Posted: 1/7/2003 6:05:59 AM EDT
First, background. I live in a townhouse which I own with my girlfriend. I am on the board of directors, and have been for about 6 months +/-.
Before Xmas I get a letter forwarded to me from the property management company from the local building official saying that the screened enclosures that some residents have erected have not received their permits..
Also, the corrugated plastic material that some residents have installed over the trellis on their patios has not received a permit.
Now we go on Thursday to meet with the building code official to discuss this.
I work in the construction industry, and deal with inspectors and their bullshit everyday.
I have spoken to the head building official, who is also the one stirring up the trouble, when this letter first reached me.
I'm thinking of going down and filing for a permit, waiting a day or so, and then calling for inspection. I don't want to try and get it retro-active, although the people with the screen enclosures are going to have to go that route.
My position is that these are all individual homeowner issues, not association issues. This guy is just being lazy and trying to only deal with one entity rather than 56 different people.
For what its worth, most of these people bought their townhouses with these "improvements" already in place, myself included. How the hell are you supposed to know that something on the house you're buying doesn't meet code or is not permitted?
It sounds like somebody ratted somebody else out to the building inspector. These' guys typically do not have the time or gumption to go looking for corrugated plastic that does not meet code. And I think that the guy trying to solve the problem en masse is not really such a bad idea - it's certainly much more expedient for everyone.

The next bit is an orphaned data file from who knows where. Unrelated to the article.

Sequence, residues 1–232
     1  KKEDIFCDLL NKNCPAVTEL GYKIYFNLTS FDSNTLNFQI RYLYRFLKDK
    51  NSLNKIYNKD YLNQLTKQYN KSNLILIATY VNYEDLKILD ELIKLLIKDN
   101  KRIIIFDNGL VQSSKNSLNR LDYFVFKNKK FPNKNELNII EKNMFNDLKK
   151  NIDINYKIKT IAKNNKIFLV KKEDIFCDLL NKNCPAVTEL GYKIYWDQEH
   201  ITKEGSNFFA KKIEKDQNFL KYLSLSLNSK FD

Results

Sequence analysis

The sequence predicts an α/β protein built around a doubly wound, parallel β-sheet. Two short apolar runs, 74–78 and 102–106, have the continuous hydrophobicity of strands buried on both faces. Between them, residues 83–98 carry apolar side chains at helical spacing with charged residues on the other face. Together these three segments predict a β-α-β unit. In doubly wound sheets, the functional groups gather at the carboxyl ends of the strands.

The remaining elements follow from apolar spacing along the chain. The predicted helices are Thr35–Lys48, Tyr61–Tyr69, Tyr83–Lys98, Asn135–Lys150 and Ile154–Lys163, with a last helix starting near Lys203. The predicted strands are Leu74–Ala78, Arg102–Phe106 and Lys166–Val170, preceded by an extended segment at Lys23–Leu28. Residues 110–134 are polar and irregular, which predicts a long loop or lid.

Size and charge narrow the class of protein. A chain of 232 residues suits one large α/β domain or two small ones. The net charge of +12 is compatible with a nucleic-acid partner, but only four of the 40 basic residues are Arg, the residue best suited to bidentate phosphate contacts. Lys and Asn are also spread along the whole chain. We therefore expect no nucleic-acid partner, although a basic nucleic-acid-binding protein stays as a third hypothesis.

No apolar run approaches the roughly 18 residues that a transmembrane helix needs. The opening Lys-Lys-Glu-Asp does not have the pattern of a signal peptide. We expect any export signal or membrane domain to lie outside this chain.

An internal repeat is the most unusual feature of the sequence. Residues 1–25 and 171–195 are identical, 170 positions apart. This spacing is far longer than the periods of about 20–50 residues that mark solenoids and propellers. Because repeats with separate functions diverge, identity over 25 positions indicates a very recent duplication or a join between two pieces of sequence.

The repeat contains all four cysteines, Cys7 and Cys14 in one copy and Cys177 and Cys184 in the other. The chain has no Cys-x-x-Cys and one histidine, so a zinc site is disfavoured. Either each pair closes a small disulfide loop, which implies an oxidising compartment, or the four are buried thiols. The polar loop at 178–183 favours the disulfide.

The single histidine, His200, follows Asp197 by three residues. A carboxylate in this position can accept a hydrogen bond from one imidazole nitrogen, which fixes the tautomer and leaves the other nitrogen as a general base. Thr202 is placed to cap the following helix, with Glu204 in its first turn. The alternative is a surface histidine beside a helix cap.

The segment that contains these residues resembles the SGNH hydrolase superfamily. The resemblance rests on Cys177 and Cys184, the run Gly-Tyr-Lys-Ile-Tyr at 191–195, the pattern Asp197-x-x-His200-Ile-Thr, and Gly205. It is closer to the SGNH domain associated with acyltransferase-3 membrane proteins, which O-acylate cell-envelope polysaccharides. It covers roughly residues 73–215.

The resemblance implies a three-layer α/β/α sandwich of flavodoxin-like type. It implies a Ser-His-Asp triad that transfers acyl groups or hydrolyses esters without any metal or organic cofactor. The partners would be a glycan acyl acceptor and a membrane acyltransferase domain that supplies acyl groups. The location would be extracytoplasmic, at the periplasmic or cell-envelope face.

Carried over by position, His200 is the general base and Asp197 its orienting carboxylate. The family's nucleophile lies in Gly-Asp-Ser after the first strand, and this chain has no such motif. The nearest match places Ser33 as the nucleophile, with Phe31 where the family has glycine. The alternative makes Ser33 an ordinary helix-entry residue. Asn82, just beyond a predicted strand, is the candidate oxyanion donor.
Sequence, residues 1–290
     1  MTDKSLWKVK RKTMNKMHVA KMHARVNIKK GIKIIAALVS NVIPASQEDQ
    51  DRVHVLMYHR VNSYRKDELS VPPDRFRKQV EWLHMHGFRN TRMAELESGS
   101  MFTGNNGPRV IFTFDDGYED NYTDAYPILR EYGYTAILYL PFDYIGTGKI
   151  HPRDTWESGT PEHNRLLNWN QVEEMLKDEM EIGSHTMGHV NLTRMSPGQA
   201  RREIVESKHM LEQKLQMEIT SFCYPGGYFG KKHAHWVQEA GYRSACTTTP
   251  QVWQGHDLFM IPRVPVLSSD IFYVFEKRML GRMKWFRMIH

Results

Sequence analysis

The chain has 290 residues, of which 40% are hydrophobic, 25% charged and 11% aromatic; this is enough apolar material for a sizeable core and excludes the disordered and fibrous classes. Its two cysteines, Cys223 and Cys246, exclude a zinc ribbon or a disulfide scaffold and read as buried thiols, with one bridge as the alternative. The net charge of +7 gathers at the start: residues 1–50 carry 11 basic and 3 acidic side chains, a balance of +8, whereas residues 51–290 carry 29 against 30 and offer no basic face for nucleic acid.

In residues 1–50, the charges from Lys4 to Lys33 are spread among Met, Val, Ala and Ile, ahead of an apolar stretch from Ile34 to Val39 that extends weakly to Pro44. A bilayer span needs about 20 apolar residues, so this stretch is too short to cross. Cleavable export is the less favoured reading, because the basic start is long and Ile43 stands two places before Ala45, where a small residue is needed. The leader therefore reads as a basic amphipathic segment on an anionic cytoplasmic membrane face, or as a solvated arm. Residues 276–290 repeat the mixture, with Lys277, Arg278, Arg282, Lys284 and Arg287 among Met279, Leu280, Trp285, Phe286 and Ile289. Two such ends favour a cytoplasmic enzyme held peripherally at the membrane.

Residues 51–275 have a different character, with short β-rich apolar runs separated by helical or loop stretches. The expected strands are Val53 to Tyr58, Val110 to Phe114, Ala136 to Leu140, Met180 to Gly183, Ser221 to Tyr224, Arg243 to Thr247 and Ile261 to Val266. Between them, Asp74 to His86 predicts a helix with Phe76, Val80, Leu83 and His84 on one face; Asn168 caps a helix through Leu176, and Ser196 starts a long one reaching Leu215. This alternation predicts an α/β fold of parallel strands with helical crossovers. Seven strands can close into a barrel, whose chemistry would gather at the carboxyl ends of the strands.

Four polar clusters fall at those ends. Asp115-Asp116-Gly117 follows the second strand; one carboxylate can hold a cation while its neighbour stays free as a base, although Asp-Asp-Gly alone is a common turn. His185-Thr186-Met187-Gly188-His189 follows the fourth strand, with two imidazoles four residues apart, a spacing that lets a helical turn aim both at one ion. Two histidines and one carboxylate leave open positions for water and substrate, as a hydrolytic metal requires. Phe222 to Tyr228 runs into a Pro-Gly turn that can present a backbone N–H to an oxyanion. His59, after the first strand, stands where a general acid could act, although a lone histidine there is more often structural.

If he were to try to tackle this matter with 56 different homeowners, it will never end, and one guy's porch may be rejected while another is allowed to stand. It'll be monumental. Also, in my area, the property management company is usually responsible for the structure and exterior of the buildings, so it may reallly be an association issue. YMMV.
Best case: Homeowners with enclosures constructed during their ownership have to pay the permit fee, which for something like this can't be more than lunch money.
Worst case: All non-permitted modifications must be removed (at homeowners expense). Those desiring screens must apply for the permit, perform the construction, and have a final inspection.
Real case: Somewhere in between, depending on how nasty the homeowners and the building inspector decide to act with each other.
Advice: Have initial meeting with building inspector attended only by your board. Get a feel for the mood, then approach the populace during your regular business meeting. I guarantee that there will be at least one guy who will scream and yell and bitch and moan about the whole thing. This is the guy that you want to insulate from the building inspector.
Most of what you say I agree with. Unfortunately, the other board members are all wound up about this, they might be the guys "who will scream and yell and bitch and moan about the whole thing".
I honestly don't give one little shit about the community, I am only on the board to protect my own interests. As such, I'm basically only interested in keeping my plastic cover.
We have a very good client who owns his home, but is part of a homeowners' association in his neighborhood. Currently he is the president. I am constantly amazed at the piddly-ass shit he has to put up with. Most of it is on neighbor ratting out another for some ridiculous infraction like leaving a newspaper in the driveway overnight. "They're running down the neighborhood!" Sheesh.
Well, maybe you can be the lone voice of reason and restraint. As you write in your second post, maybe you're better off making your own deal separate of teh group if you think it's likely that the rabble-rousers will queer the deal.
Good luck. I envy your situation not.
the only reason the gov cares about a permit....